From Prism Volume II 2024: Map the Mine, Pavas Emerald Mine in Boyaca State, Muzo, Colombia

By Jennifer Heebner, Editor in Chief

Seeing (More) Green in Muzo

Oren Nhaissi, Managing Director, EMCO Gem, Inc., and Edwin Molina, fourth-generation Colombian Emerald miner, team up to work an untapped concession.

Hi, friends!

We are delighted to share news of a mining concession we are jointly working in the municipality of Muzo, Colombia. Muzo was established in 1559 by Spanish conquistadors for the sole purpose of seeking Emeralds. In 1561, just two years after its founding, settlers unearthed Emeralds, sparking a tradition of mining that has endured within the local community ever since.

Our site is called the Pavas mine, and it is in the Boyacá region of the Muzo geological formation along the western Emerald belt. The name Pavas comes from the Spanish word for turkey. Legend has it that the first explorers or artisanal miners discovered a large rough Emerald shaped like a turkey egg, which prompted the initial mining exploration of the concession. Pavas also borders esteemed historical alluvial Emerald deposits.

Oren and his company are well known for beautiful loose Emeralds and have been operating for more than 85 years. I, Edwin, am a fourth-generation miner who serves on the board of directors of the Cunas mine in Santa Rosa, Colombia. I am also president of the Association of Emerald Producers of Colombia. My grandfather and his partners were responsible for mining several areas in Muzo over the years, including that of Minería Texas Colombia (MTC) Muzo, which branded itself as Muzo Emeralds.

Two years ago, the direction of Oren’s and my businesses intersected when our partners took interest in mining the concessions around Pavas. The Pavas mine is owned by the government—all mines in Colombia are—so we secured a 30-year lease to work it, as is the common practice in the country. While Pavas is close to other mines in Muzo, Pavas has remained untouched by formal mining practices, having only undergone exploratory efforts by local artisanal miners over the years.

Since assuming control of the concession, we have been setting up correct infrastructure and operations, including fixing roads and mine entrances and fortifying the 8 kilometers of early prospector-made tunnels we inherited. To do that, we enlisted the expertise of geologists to identify the most promising areas for Emerald formations. For the first time in the history of this concession, we are conducting formal mining operations and exploration deep below ground level in search of these coveted Emeralds.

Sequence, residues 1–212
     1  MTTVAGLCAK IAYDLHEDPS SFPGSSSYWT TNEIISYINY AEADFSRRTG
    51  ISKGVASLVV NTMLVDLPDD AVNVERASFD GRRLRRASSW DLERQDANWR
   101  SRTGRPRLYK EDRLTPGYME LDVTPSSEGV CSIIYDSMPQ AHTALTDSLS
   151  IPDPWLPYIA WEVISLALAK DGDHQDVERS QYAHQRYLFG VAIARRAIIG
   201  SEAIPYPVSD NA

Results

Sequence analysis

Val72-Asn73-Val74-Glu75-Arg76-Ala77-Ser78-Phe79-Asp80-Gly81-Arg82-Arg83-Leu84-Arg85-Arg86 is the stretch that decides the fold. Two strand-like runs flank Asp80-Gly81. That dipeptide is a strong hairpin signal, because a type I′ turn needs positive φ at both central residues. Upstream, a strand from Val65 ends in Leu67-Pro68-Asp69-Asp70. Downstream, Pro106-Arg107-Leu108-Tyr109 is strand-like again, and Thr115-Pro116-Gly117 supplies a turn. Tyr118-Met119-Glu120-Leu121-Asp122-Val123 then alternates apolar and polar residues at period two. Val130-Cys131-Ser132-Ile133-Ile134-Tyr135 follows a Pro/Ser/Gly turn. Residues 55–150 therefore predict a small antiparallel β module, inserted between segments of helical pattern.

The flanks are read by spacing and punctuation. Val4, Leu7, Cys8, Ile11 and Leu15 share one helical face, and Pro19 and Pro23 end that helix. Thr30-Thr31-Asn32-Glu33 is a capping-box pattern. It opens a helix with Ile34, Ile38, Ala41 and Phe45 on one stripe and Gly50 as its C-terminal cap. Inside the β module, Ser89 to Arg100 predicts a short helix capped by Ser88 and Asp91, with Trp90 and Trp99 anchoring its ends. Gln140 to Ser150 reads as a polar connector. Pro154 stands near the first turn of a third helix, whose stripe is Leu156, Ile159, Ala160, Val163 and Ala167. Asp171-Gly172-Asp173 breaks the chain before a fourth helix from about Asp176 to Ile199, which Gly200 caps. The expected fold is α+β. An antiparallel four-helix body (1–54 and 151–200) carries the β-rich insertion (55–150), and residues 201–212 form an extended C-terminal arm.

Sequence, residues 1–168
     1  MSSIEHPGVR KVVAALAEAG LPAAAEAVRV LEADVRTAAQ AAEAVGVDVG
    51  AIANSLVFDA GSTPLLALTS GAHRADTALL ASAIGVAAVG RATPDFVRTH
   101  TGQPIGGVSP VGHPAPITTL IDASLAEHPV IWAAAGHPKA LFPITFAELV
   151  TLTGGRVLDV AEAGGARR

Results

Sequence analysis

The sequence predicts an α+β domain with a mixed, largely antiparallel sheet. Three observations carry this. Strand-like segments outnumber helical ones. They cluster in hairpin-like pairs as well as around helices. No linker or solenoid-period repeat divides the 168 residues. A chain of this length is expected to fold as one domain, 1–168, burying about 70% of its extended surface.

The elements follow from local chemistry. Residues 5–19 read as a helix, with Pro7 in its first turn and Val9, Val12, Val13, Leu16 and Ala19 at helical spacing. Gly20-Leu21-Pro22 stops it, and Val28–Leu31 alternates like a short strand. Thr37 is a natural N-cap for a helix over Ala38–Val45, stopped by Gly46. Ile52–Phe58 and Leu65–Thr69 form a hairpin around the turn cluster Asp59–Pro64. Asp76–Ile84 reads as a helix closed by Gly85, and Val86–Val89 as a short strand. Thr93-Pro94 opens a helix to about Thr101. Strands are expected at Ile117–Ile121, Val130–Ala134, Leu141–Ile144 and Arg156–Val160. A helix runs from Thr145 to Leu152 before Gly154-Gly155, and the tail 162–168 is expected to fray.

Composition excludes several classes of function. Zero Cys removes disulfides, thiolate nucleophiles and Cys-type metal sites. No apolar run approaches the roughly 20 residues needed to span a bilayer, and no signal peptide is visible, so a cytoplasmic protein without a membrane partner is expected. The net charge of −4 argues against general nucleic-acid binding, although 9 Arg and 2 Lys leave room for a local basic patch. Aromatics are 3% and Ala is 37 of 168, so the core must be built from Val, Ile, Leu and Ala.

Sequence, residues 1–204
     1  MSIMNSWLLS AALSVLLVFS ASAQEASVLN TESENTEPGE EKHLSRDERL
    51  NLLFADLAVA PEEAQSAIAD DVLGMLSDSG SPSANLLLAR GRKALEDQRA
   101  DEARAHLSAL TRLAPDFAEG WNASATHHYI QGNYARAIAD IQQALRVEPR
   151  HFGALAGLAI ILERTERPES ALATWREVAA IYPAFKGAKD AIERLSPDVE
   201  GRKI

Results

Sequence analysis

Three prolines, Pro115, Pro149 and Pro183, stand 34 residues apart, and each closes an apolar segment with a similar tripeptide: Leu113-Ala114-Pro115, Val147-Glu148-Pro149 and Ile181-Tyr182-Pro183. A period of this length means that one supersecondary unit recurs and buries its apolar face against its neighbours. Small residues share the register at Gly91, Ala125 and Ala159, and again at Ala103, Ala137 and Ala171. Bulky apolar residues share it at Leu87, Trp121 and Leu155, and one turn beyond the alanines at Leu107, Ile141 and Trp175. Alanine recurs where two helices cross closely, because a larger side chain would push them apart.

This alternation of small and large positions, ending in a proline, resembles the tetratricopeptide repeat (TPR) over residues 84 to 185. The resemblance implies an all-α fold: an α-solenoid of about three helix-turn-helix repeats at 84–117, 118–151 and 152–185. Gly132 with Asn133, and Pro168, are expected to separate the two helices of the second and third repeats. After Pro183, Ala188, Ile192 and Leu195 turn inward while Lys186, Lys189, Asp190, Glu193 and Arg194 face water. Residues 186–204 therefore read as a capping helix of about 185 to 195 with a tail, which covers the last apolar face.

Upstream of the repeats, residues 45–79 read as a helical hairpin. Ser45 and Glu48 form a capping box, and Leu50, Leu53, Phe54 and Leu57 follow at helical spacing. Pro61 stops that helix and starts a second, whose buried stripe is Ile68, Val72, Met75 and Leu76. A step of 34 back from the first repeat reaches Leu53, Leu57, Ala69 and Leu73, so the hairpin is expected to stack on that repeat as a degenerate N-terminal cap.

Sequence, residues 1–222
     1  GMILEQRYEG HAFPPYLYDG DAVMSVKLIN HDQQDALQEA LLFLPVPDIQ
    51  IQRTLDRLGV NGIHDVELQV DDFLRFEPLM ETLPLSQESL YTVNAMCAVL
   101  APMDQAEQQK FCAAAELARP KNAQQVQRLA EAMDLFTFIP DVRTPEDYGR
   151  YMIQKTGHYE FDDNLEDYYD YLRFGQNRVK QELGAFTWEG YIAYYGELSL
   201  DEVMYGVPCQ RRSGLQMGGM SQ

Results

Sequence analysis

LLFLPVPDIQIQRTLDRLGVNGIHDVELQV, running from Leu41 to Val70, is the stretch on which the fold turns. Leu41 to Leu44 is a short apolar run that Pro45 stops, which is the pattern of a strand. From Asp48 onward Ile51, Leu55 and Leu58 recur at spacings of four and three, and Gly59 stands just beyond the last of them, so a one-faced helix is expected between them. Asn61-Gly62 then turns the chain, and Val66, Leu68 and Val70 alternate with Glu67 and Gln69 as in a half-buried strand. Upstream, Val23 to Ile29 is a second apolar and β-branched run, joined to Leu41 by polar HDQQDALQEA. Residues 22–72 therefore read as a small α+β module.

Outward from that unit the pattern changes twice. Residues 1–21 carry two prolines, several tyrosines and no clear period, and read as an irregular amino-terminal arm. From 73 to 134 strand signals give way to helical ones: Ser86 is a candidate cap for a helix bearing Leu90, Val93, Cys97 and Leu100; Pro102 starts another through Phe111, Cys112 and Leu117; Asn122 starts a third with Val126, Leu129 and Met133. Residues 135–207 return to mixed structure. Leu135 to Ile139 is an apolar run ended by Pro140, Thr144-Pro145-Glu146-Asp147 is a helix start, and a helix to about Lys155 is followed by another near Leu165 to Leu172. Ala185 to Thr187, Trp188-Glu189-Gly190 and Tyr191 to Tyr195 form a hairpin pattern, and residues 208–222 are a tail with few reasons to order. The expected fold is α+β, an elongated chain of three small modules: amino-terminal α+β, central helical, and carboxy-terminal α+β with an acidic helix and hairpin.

We also set up a storage area for explosives, adhering to stringent government-mandated mining compliance laws that cover aspects such as miner safety and environmental and social responsibility.

For example, in 2023 we were required to conduct a comprehensive and costly resource and reserve study to demonstrate the adequacy of reserves necessary for the continuation of our mining operation. This means giving the government a better understanding of our operations and estimating the value of our deposit, which is difficult to do, especially when little has been pulled out of the ground to date.

There are also environmental challenges in this region of Colombia. Heavy rains often cause landslides, and as we delve deeper into the earth, water becomes an issue. Colombian Emeralds originate from hydrothermal deposits from millions of years ago, and managing water within the mine proves to be one of our most arduous tasks as well as one of the costlier aspects of mining in this region. Established mines often delve hundreds of meters down into mountains in pursuit of these precious gems.

Despite two rainy seasons—spring and fall—we mine all year long. Challenges include numerous unpaved and mountainous roads, making navigation exceptionally difficult. This year, during the spring rainy season, a landslide destroyed our main access road. To regain access, we had to restore an existing road in a different location.

By mid-2024, we anticipate our inaugural production from our newly targeted area, where we’ve already discovered Emerald-producing veins. Being deeper within the mountain, we anticipate encountering groundwater and facing the typical challenges of tunneling and prospecting for Emerald pockets. Each day presents new hurdles, but with them comes a sense of anticipation and excitement.


Best regards,

Oren Nhaissi and Edwin Molina

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